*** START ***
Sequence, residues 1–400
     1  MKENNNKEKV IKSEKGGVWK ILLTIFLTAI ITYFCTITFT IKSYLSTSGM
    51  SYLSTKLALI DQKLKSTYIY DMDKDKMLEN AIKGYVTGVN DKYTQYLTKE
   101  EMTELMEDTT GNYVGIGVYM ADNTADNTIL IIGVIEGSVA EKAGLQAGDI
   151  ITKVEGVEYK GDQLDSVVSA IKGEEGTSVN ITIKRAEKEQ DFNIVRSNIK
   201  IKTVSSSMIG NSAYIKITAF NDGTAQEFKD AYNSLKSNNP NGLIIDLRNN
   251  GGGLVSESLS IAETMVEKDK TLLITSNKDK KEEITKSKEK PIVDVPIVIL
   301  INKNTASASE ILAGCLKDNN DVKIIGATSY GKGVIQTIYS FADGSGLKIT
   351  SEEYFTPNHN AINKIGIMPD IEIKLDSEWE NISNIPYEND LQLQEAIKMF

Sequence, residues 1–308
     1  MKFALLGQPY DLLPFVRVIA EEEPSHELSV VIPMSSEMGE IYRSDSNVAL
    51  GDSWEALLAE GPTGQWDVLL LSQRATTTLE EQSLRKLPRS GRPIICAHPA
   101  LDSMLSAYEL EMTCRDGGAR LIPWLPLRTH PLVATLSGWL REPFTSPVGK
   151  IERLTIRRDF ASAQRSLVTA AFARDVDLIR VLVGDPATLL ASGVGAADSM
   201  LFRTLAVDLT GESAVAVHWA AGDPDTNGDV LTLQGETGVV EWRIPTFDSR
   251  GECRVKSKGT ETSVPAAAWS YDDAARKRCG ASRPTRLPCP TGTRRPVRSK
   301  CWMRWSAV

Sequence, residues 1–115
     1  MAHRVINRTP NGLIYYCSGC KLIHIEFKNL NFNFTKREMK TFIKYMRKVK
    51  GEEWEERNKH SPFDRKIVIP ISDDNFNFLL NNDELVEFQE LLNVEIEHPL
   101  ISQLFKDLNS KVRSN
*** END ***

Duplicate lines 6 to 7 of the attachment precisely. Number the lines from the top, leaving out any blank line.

   201  IKTVSSSMIG NSAYIKITAF NDGTAQEFKD AYNSLKSNNP NGLIIDLRNN
   251  GGGLVSESLS IAETMVEKDK TLLITSNKDK KEEITKSKEK PIVDVPIVIL